Using the faecal immunochemical test in patients with rectal bleeding: evidence from the NICE FIT study

Colorectal Dis. 2021 Jul;23(7):1630-1638. doi: 10.1111/codi.15593. Epub 2021 Mar 15.


Aim: The aim of this work was to investigate whether the faecal immunochemical test (FIT) could safely rule out colorectal cancer (CRC) in patients with rectal bleeding (RB).

Method: This was a multicentre, double-blinded diagnostic accuracy study in 50 National Health Service hospitals. Patients referred from primary care with suspected CRC on an urgent 2-week-wait pathway were asked to perform a FIT prior to colonoscopy. The primary outcome measure was the sensitivity of the FIT for CRC in patients with RB versus nonrectal bleeding symptoms (NRB). The secondary outcome measures included the diagnostic accuracy of the FIT for CRC and other serious bowel disease.

Results: Of 9822 patients included in the study, 3143 (32.0%) were referred with RB. CRC was present in 4.7% of patients with RB versus 2.7% of patients with NRB (p < 0.05). Faecal haemoglobin (f-Hb) was detectable (>2 µg/g) in 44.1% of patients with RB and 33.9% with NRB (p < 0.05). In RB patients, CRC was present in 10.4% when f-Hb was >2 µg/g compared with 0.1% when f-Hb was not detected. Flexible sigmoidoscopy in this group would further reduce the risk of CRC to 0.03%. The sensitivity of the FIT for CRC in RB versus NRB groups was 98.6% (95% CI 95.2%-99.8%) vs 95.6% (91.5%-98.1%) for f-Hb >2 µg/g and 96.6% (92.2%-98.9%) vs 86.3 (80.4%-90.9%) for f-Hb >10 µg/g.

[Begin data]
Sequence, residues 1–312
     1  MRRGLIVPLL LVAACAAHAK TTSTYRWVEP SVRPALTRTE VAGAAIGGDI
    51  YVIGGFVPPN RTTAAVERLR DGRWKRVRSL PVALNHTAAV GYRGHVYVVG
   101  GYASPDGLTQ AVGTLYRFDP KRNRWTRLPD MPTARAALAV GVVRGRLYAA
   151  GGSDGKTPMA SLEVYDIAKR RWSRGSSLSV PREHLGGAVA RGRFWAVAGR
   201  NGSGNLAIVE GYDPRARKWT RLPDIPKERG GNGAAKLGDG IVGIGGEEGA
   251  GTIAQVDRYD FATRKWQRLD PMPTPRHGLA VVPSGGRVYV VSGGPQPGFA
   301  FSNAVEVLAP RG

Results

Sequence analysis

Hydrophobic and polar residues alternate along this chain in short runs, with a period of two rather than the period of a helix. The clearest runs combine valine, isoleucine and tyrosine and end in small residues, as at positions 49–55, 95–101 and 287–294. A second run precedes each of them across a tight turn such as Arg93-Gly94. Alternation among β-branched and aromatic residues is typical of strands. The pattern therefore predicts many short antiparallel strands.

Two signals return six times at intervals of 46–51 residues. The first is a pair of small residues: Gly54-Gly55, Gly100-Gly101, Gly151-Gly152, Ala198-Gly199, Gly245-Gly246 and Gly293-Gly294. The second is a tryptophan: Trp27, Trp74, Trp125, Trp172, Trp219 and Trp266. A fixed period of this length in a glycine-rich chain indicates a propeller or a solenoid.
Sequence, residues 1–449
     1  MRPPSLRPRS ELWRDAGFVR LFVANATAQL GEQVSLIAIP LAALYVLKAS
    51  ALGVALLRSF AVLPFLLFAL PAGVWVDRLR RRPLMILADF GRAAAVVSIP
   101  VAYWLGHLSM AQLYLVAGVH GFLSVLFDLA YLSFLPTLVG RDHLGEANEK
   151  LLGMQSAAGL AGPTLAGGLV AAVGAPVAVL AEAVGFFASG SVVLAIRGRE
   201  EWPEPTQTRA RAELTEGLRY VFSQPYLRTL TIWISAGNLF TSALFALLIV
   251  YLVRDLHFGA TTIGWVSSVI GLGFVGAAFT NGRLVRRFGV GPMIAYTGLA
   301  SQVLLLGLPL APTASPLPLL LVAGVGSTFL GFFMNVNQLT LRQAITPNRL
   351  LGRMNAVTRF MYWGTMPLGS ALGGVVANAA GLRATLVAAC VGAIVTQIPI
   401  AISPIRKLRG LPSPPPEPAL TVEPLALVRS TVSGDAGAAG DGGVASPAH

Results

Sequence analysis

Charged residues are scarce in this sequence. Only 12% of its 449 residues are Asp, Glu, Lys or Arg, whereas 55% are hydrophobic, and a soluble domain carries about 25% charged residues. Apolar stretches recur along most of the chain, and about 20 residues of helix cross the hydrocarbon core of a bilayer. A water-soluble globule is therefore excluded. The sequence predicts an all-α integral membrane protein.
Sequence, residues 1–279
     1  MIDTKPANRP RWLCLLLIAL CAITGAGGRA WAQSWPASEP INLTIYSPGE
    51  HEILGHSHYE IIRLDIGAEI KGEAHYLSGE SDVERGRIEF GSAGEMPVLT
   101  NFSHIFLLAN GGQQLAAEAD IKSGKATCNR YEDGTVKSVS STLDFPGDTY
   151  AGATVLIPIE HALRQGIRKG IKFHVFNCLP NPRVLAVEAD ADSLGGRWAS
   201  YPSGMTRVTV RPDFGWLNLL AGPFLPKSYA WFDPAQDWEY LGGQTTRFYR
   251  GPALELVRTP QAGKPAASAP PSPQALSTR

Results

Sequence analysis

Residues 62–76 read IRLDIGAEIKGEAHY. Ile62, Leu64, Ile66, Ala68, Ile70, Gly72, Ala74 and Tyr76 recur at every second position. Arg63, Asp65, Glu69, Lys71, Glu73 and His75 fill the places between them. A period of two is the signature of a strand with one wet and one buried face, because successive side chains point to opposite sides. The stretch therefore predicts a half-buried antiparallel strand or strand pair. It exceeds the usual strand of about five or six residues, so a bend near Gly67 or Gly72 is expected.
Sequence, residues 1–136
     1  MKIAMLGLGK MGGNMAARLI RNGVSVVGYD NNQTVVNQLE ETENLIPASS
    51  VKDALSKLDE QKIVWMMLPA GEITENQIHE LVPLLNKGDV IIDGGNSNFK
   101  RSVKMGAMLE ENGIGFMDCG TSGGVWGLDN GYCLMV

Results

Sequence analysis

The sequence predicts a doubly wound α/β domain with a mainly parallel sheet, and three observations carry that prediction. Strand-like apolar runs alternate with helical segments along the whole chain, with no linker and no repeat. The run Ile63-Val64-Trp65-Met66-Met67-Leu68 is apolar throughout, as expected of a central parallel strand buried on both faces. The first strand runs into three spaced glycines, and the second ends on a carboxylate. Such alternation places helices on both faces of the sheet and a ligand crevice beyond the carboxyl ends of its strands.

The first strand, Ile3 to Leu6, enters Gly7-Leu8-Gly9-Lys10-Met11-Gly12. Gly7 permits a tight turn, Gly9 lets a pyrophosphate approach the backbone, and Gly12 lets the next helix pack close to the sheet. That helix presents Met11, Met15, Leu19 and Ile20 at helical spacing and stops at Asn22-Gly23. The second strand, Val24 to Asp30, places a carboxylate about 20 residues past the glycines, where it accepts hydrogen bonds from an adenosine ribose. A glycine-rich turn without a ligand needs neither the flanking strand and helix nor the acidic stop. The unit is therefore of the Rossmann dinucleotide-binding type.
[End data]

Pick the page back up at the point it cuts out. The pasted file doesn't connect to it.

Conclusion: Faecal haemoglobin is not always detectable in patients with RB; 56% of patients had undetectable f-Hb (<2 µg/g) and CRC was present in 0.1%. The high sensitivity of the FIT can be used to rule out CRC in patients with RB and triage them more appropriately for investigation.

Keywords: colorectal cancer; faecal immunochemical test; rectal bleeding.

Publication types

  • Multicenter Study
  • Research Support, Non-U.S. Gov't

MeSH terms

  • Colonoscopy
  • Colorectal Neoplasms* / complications
  • Colorectal Neoplasms* / diagnosis
  • Double-Blind Method
  • Early Detection of Cancer
  • Feces / chemistry
  • Hemoglobins / analysis
  • Humans
  • Occult Blood
  • Sensitivity and Specificity
  • State Medicine*


  • Hemoglobins